Abstract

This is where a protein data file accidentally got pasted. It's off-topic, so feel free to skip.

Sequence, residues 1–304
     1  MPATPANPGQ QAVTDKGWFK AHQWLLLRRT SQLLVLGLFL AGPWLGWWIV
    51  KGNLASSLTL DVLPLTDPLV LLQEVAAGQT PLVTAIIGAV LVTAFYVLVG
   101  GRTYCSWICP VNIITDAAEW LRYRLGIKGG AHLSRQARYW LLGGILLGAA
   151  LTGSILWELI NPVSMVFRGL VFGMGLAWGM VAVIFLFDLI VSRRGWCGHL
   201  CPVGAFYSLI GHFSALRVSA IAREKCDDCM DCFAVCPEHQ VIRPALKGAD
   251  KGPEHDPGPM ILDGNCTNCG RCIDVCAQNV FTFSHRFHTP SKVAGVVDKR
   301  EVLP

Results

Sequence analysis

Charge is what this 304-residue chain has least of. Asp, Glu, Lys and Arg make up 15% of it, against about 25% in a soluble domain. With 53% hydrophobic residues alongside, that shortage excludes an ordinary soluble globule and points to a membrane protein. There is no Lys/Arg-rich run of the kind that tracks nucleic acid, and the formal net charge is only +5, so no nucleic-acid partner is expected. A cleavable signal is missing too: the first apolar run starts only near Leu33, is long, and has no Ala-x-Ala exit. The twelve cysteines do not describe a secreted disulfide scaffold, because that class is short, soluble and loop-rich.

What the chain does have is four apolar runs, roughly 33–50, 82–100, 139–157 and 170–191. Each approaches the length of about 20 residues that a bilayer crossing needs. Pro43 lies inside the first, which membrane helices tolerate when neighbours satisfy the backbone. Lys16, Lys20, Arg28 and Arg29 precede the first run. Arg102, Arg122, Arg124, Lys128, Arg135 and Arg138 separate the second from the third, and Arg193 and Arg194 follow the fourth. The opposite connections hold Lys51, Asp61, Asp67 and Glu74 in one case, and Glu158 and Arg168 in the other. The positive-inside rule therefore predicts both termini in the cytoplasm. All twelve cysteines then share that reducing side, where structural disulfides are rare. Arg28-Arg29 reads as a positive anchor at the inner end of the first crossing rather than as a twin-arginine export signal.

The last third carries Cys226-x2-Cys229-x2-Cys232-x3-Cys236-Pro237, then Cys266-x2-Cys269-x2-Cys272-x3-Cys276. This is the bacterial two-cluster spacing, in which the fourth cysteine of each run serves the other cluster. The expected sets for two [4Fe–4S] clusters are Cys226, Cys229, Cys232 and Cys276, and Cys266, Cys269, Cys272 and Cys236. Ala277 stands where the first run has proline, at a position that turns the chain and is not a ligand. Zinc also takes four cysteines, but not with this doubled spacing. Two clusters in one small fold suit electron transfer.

According to unconscious thought theory, complex decisions are best made after a period of distraction assumed to elicit ‘‘unconscious thought.’’ Here, the authors suggest instead that the superiority of decisions made after distraction results from the fact that conscious deliberation can deteriorate impressions formed on-line during information acquisition. The authors found that participants instructed to form an impression made better decisions after distraction than after deliberation, thereby replicating earlier findings. However, decisions made immediately were just as good as decisions made after distraction, which suggests (a) that people had already made their decision during information acquisition, (b) that deliberation without attention does not occur during distraction, and (c) that ruminating about one’s first impression can deteriorate decision quality. Strikingly, in another condition that should have favored unconscious thought even more, deliberated decisions were better than immediate or distracted decisions. These findings were replicated in a field study.
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